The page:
If historical knowledge of the Dark Ages is vague and mysterious in western Europe, than it is downright invisible in eastern Europe. Noticeable traces of the Avars have been all but erased from the landscape. Whereas one can go visit the ancient Roman ruins of Aquincum in Obuda, there is no easily accessible Avar site that would even come close to being termed a ruin. The only people with knowledge of the Avars are most likely to be found in the archaeology or ancient history departments of local universities.

This almost total unawareness of the Avars is mostly caused by the fact that they neither built nor developed anything of lasting influence. Furthermore, the Avars never produced a leader that captured the historical imagination such as the Hun warrior, Attila. Even though the Huns rise and decline in Europe occurred in barely a hundred years – a blink of an eye by human historical standards – knowledge of their deeds vastly outweighs what is known about the Avars who occupied relatively the same area two and a half times longer. Unfortunately, the Avars suffer the plight of those who came before (the Romans) or those who came after (the Magyars). A cautionary tale for those who get stuck in the historical middle, their past has been relegated to at best, the unknown and at worst, oblivion.

Avar Artifacts - Silver arm rings found in Hungary (Credit: James Steakley)

Avar Artifacts – Silver arm rings found in Hungary (Credit: James Steakley)

A History of Forgetting – The Avars & Us
So what can be learned from story of the Avars or should we say the lack of a story? Perhaps they help us grasp just how incredible it is that the Magyars were able to make the Carpathian Basin their permanent home. Consider that if you take the combined time the Avars, longer lasting Romans, and short lived Huns ruled the area, it still does not match the 1,100 years and counting that the Magyars have ruled over the Carpathian Basin. The Hungarians took what had become a land of the temporary and made it their permanent home.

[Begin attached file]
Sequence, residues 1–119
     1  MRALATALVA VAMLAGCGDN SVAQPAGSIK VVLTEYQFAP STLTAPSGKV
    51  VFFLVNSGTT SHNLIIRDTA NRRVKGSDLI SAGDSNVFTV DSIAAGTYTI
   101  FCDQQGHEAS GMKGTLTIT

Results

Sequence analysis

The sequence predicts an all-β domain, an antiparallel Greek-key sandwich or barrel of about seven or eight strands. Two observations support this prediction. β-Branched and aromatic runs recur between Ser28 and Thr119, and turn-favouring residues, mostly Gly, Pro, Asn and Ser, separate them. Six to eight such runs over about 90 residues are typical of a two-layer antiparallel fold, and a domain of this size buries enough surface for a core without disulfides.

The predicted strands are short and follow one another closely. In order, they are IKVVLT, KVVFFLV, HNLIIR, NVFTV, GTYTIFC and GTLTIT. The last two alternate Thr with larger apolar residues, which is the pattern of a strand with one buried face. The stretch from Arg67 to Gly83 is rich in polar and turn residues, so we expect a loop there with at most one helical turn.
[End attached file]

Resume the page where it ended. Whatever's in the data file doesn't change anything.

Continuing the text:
In the bigger picture, the Avars remind us how everything human is temporary. Rises, declines and falls are all normal outcomes in the histories of peoples, empires and nations. Some such as the Greeks and Romans are remembered long after they are gone. They are the exceptions rather than the rules. Many more peoples, too numerous to name, are all but forgotten. The Avars are unexceptional because their story is so common. The majority of human history is just like the Avars, vanished without a trace. Does it really matter? Who cares about the Avars? It really does not seem to matter, until one considers that almost all of the human history occurring today will be all but forgotten. We are not headed to the historical realm of the Greeks or Romans or even the Hungarians, the majority of us are headed to oblivion. If we are lucky someone may remember us, a little bit more or a little bit less, than we now remember the Avars.